I'm over the Christmas lists. Already. I have enough stuff and so do my kiddos. Don't get me wrong: we are so richly blessed and thankful for the things we have. With 4 separate sets of parents/grandparents, there is always an abundance at birthdays and Christmas. And for that I am grateful. Many times the monetary gifts we receive at Christmas will be our personal spending the rest of the year. With a tight budget of $10 a month of personal money these days, I am SURELY looking forward to some of the blessings that will be flowing our way this holiday season. Don't get me wrong.
It's just the stuff. Okay, I'm talking about toys. We've got a closet full of them downstairs and bedrooms stocked upstairs. Even a few bins in the attic that can be rotated in on a rainy day.
For the past several years, I've had this inkling to simplify. To purge. And not just to purge the excessive amount of kids' stuff in our home, but my closet, household products, etc.
But it's HARD. Especially when it comes to my closet. I like having lots of options. But I also like having a tidy, well organized closet with hangers that are neatly spaced apart from one another. If you think that's strange, I'd just like to say that I've come a long way from previously color coding and arranging from sleeveless to long sleeve. Baby steps.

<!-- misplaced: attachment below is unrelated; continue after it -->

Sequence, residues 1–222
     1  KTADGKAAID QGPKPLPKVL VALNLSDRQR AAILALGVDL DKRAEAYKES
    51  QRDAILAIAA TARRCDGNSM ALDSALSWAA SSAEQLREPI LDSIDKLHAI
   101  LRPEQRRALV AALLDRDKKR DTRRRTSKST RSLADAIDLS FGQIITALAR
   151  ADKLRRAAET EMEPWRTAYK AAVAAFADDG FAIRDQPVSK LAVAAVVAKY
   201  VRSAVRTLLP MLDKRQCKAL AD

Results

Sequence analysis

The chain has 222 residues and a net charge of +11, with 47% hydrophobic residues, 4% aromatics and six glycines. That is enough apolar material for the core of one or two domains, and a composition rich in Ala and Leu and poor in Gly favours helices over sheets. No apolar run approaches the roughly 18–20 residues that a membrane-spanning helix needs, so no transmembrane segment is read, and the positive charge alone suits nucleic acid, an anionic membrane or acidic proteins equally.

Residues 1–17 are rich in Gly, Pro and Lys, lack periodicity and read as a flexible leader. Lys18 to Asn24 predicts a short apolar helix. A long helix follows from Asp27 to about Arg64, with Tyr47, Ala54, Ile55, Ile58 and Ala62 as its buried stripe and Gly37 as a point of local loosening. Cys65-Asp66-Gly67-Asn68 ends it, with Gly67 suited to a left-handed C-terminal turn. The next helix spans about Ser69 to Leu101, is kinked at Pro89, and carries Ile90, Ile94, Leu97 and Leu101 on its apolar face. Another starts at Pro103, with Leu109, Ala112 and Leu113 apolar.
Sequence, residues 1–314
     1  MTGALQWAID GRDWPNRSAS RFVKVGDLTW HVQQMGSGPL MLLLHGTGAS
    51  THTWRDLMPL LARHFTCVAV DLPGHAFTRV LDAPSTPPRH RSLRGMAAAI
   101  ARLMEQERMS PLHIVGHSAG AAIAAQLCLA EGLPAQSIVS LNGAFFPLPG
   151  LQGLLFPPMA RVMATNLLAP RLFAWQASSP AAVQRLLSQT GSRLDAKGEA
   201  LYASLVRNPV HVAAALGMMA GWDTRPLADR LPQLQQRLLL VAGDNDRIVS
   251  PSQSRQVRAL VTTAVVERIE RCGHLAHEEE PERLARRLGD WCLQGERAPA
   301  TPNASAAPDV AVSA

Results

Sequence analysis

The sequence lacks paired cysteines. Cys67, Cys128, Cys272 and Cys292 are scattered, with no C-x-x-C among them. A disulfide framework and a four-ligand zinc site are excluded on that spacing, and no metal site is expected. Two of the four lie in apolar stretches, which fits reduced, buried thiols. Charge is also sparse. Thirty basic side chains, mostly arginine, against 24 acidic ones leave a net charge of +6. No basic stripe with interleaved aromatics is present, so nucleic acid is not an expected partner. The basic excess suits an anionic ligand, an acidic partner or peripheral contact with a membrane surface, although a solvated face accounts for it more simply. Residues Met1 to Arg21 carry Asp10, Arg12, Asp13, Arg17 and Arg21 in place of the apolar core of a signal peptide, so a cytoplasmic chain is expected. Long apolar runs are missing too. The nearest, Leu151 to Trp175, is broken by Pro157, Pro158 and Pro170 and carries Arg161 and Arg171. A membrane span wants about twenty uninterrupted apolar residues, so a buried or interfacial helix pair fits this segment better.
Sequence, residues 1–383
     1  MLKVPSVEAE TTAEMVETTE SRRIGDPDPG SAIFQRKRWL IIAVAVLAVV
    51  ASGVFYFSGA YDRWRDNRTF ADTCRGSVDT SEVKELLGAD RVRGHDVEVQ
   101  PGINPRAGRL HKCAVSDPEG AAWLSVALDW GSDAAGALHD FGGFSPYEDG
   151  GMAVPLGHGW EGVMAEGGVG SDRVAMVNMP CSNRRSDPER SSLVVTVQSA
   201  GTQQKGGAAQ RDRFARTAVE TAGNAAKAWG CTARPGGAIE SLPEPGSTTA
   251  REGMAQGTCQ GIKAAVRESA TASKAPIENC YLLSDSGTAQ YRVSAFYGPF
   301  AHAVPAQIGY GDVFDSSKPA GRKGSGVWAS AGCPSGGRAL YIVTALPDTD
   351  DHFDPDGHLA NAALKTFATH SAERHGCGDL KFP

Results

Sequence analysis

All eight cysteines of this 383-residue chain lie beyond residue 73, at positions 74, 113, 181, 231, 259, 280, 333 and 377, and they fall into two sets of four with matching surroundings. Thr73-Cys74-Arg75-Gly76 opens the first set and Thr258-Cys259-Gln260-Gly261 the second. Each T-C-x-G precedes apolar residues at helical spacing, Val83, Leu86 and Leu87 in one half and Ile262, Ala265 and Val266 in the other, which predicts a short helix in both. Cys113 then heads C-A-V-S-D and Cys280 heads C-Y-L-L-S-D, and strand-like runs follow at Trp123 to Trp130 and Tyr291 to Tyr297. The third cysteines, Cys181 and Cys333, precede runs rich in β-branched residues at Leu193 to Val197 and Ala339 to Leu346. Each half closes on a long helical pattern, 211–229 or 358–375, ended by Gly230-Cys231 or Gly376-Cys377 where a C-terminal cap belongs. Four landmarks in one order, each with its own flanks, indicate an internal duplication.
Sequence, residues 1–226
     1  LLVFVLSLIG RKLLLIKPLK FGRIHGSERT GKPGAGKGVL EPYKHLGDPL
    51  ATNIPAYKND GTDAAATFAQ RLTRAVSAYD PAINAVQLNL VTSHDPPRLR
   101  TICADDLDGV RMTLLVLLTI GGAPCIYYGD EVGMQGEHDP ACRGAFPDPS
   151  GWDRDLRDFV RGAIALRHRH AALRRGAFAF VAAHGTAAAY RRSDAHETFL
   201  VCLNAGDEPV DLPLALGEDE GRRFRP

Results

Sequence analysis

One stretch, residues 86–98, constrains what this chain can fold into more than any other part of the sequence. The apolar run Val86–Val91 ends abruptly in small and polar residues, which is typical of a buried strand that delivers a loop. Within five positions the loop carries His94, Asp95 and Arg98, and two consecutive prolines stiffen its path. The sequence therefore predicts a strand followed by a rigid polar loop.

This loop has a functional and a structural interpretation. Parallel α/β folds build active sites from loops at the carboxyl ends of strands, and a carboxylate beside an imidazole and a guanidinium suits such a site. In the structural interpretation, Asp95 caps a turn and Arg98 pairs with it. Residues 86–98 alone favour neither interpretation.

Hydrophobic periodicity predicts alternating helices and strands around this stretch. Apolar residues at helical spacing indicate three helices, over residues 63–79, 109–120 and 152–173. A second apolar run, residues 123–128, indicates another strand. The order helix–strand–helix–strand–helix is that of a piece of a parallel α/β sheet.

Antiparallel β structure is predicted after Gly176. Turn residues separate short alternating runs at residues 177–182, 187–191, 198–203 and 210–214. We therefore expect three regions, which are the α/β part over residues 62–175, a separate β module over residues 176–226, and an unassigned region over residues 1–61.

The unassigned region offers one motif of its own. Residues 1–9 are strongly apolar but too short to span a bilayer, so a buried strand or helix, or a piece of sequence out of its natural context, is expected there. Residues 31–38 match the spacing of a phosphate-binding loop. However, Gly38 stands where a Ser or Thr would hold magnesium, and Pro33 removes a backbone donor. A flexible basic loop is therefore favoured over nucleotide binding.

So while these ideas of a simplified and more minimalistic lifestyle have been tugging at my heart, I needed to put it out there. There is something about telling others about the things living in your head that make them real. That invokes action. And maybe I'll even find some fellow sojourners along the way. I know you're out there...
Along with cutting the clutter from my heart and my home is the desire for my kids to cherish experiences and time spent with others or serving others over stuff. It's been a blast and a blessing to ask for a received gifts such as a pool pass, Imagination Station membership and Zoo membership in the past. These things are a good start. But I want to foster a love for seeking, exploring, doing and serving. I believe that these are true gifts, and deep, meaningful blessings can come from such things.
My dear friend and pseudo-mother, Laura Grace Weldon, often writes on this idea. She's onto something, has been for years. You can read about it here.
And so the question remains. Amidst my counter-cultural bend and good intentions, how do we keep gifts simple? Keep CHRISTMAS gifts simple? Please know that I am not anti gift-giving. I don't want to be a ba-humbug! Right now I'm just searching for a balance and to cut the excess. I'm looking for ideas and some friends who are along for the ride with me. Don't be shy now... :)